Develop a Volunteer Safety and Security Team

It can be challenging to build a safety and security ministry based on volunteers, but it can be done. By following this five-step process, you can create a volunteer force that sustains itself and provides fulfillment to the individuals who give their time and energy to make it a success.

Decide whom you want involved in your ministry. Make a list of the attributes you desire the safety and security team to display. Some general characteristics might include:

  • Strong people skills
  • Mental and emotional stability
  • Keen ability to observe people and situations
  • Good judgment and not impulsive

It’s also important to look for people with professional law enforcement backgrounds, retired or active.

When considering “civilians” for this ministry, recruit with care. While a person may have a license to carry a concealed weapon, inexperienced gun carriers generally do not have the proper skills to react in stressful situations. They may not be the best choice for your team.

For the safety side of your team, look for emergency medical technicians, registered nurses, and doctors.


Now that you identified potential participants for your safety and security team, the next step is asking them to join. Here are some dos and don’ts:

  • Do: Meet face-to-face. Describe exactly what you’re recruiting for, and explain all of the ups and downs involved in this volunteer position
  • Don’t: Oversell or glorify the position, beg, or say ‘God told me you should do this.’

Above all, make sure your prospective volunteer knows that an application process involving a criminal background check is required. Relay the benefits of screening the background of all candidates and the protection such screenings provide for the church, volunteers, and ministry participants.


Nothing damages volunteers’ enthusiasm more than throwing them into a job without proper training and orientation. In a potentially dangerous ministry like safety and security, policy and procedural guidelines play a big part in the training process.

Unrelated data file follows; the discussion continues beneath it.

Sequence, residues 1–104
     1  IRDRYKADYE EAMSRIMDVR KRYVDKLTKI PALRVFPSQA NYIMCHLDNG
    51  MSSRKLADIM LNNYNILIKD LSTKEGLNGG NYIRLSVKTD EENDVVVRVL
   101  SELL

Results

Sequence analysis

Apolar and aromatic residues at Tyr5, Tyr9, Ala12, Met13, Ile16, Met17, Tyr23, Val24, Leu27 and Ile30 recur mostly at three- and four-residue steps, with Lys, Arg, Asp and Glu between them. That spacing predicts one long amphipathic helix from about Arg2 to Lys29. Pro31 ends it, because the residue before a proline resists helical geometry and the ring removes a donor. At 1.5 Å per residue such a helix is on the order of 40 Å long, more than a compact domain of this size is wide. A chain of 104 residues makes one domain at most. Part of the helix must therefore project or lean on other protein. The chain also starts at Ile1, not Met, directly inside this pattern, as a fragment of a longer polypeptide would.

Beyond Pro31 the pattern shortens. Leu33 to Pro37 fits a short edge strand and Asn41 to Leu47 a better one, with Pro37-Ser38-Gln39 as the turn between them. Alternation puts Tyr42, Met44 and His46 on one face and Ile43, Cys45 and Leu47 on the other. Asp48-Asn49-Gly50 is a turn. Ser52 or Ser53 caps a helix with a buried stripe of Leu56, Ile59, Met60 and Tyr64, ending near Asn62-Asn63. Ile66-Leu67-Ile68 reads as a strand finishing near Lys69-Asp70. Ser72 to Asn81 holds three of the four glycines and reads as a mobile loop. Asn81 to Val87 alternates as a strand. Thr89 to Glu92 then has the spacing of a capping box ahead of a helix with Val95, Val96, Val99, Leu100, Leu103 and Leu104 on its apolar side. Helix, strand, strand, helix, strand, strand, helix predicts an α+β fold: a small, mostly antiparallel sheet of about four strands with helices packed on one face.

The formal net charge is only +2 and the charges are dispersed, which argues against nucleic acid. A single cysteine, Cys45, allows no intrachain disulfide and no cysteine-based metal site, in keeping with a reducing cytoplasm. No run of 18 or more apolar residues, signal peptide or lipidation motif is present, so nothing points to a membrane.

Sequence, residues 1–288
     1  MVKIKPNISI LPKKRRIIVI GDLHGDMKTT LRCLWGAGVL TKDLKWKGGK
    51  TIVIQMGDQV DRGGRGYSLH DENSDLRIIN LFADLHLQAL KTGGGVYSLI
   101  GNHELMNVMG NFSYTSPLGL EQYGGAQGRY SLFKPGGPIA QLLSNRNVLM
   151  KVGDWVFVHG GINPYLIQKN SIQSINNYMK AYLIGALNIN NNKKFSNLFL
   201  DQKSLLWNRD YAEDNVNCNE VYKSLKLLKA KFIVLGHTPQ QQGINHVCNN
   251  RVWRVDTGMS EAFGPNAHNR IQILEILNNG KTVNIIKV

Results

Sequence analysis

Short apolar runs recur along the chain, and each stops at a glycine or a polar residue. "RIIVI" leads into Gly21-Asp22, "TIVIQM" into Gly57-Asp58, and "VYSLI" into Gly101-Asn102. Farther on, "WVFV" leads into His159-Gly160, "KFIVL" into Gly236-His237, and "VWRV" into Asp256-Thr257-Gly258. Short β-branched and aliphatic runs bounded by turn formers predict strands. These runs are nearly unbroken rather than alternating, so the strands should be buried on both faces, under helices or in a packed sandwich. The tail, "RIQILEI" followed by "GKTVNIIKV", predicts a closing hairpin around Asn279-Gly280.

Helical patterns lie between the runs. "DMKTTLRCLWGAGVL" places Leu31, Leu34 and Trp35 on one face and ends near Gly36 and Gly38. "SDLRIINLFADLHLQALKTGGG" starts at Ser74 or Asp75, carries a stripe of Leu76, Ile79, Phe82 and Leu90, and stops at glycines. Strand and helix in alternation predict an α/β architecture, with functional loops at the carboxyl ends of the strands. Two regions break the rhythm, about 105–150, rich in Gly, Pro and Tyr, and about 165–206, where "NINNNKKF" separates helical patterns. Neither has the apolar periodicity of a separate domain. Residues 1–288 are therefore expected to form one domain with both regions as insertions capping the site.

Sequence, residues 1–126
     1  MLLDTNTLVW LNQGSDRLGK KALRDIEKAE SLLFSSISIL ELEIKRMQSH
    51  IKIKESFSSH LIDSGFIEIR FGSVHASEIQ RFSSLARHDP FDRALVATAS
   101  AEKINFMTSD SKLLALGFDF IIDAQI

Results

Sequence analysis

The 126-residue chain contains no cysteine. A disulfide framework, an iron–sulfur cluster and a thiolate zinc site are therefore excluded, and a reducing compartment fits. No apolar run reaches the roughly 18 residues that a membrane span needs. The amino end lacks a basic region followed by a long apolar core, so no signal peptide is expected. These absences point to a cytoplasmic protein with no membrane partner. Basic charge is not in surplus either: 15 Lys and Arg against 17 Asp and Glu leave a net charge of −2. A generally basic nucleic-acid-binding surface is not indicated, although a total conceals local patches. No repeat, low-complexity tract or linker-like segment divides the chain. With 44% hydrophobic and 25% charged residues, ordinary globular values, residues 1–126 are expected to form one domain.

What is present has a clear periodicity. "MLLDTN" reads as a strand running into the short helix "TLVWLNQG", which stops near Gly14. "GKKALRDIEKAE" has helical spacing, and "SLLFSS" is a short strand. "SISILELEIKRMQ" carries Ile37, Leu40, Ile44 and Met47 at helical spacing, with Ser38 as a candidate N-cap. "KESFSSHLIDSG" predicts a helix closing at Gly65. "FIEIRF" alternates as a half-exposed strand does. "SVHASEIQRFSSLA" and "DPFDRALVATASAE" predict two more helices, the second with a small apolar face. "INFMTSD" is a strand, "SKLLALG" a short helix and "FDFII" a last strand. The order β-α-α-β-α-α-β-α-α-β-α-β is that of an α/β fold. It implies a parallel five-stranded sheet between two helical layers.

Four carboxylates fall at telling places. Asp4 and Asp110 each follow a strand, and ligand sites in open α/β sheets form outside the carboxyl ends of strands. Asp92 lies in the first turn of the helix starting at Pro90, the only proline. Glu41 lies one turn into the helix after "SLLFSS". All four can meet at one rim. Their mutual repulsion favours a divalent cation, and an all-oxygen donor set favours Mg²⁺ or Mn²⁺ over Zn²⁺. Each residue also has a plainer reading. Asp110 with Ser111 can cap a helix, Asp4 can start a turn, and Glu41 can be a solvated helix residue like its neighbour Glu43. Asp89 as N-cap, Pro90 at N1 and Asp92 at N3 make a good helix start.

Generally, safety and security training involves both individual and group activities. You’ll need to explain your church’s policy and guidelines for dealing with different types of security needs—domestic violence versus teenage pranks, for example.

Define the use of force in detail—intricate detail—identifying the level of force needed for various situations. This is a “red flag” issue. Discuss weapons and which members of the team are permitted to carry a concealed weapon. Do not undervalue the importance of this discussion and the necessity for your team volunteers to understand your church’s policy regarding weapons and their use.

Safety and security training should be ongoing, scheduled, and completed at regular intervals. Attendance should be mandatory—no exceptions.


This step deploys your new volunteer to his or her area of responsibility. On the first deployment, it’s important to check in at regular intervals and see how your new volunteer is doing.

Over time, you also should rotate all your volunteers into each of the positions your ministry oversees. Every volunteer should have an opportunity to become familiar with all areas of the ministry, to the point that they can be called upon to function in any area if necessary. Flexibility is an important element of an effective safety and security ministry.


Arguably, this could be most important step in the process. In managing the ministry, you’ll not only help volunteers assume an important job in the church, but also help them to see it as a personal ministry.

Try not to allow volunteers’ excitement about their ministry get the best of them. If team members serve every weekend for all services and extra events during the week, that excitement can fade quickly. It will be replaced by burnout, fatigue, discouragement, and even spiritual exhaustion.

To prevent this situation, leadership is critical. Establish a serving schedule that intentionally gives volunteers time off with their family. Allow no exceptions to the schedule you develop. We all need time away for spiritual refreshment and time to relax. The result is likely to be long-term service and volunteers who are refreshed and ready to serve.

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